UCAN needs your support
You are why we do what we do - report, describe, comment, review. It is to bring to your eyes just what life is like for believers across Asia that we publish UCAN.
But as you know, the effort needs to be sustained if it is to have continuing effect.
UCAN publishes some 150 stories a week in four languages across six websites. We are grateful to benefactors in Europe and the US who support us. But those countries and the Church there are under increasing financial strain and their generosity no longer covers our costs.
We need financial help from our readers to sustain our efforts. Our reporters, editors, video producers and photographers all have families and we need to support them. They do excellent jobs, but they can't do their jobs for nothing.
Will you help us to sustain UCAN? Please click here to help.
Thanks in anticipation.
Fr. Michael Kelly SJ
St Vincent de Paul
- September 27, 2012
He was born in 16th century France of peasant stock. Even before twenty, he was ordained priest. But then disaster struck: he was kidnapped by Turkish pirates and condemned to the galleys, where he slaved for two years. He finally made good his escape and survived, but the experience convinced him to spend the rest of his life in the service of the poor and those deprived of liberty.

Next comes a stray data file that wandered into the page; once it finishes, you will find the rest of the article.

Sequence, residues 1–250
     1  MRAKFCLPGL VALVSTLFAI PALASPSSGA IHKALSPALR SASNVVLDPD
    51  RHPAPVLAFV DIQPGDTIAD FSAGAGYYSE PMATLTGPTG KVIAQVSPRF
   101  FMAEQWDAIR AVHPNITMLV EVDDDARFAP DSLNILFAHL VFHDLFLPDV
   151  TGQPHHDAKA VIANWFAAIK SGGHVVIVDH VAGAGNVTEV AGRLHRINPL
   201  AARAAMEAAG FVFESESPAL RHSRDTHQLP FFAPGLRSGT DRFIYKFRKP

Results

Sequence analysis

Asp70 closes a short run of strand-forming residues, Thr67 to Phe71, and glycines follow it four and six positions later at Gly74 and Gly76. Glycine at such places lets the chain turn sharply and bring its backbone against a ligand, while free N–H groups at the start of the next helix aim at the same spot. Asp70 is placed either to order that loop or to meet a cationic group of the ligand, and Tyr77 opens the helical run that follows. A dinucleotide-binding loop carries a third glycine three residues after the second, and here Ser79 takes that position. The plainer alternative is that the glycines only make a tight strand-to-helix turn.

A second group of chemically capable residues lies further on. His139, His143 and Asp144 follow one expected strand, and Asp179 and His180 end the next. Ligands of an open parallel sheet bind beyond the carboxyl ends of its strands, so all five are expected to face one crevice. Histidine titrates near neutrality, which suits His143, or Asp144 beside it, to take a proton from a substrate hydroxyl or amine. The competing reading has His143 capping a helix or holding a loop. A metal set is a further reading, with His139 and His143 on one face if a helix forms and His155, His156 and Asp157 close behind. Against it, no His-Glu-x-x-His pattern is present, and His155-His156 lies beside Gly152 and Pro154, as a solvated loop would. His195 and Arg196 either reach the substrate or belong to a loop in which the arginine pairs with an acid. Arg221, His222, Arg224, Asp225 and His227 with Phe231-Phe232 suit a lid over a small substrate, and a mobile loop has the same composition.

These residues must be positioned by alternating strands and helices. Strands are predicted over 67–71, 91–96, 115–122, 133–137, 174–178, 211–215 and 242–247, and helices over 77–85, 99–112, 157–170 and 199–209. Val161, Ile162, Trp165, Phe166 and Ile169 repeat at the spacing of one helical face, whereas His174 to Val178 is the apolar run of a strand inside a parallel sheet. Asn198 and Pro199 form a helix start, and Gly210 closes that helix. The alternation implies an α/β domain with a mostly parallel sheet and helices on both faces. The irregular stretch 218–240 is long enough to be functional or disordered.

He founded a group of ‚ÄėPriests for the Missions‚Äô. They improved the pitiful lot of prisoners in the jails and captives in the royal galleys, so successfully that the king appointed Vincent royal almsgiver to those in need. During his lifetime they ransomed hundreds of galley captives through the funds raised from influential associates. Apart from the ransoms, Vincent and his priest missionaries cared for the spiritual welfare of these slaves and their families.
With Louise de Marillac, an influential woman of the time, and her band of aristocratic ladies, he started the ‚ÄėDaughters of Charity‚Äô. Together they founded a general hospital in Paris, an orphanage, an old people‚Äôs home, an insane asylum, and a home for lepers. These ‚Äėladies of charity‚Äô, as they were first called, devoted themselves to the protection of young women in the cities, believing that ‚Äúour convent is the sick room, our chapel is the parish church, and our cloister the streets of the city.‚ÄĚ
No wonder Vincent de Paul and the organizations he founded have remained a byword for the Church‚Äôs practical love for the poor. ‚ÄúThose who have loved the poor will meet death without fear,‚ÄĚ he‚Äôd always say.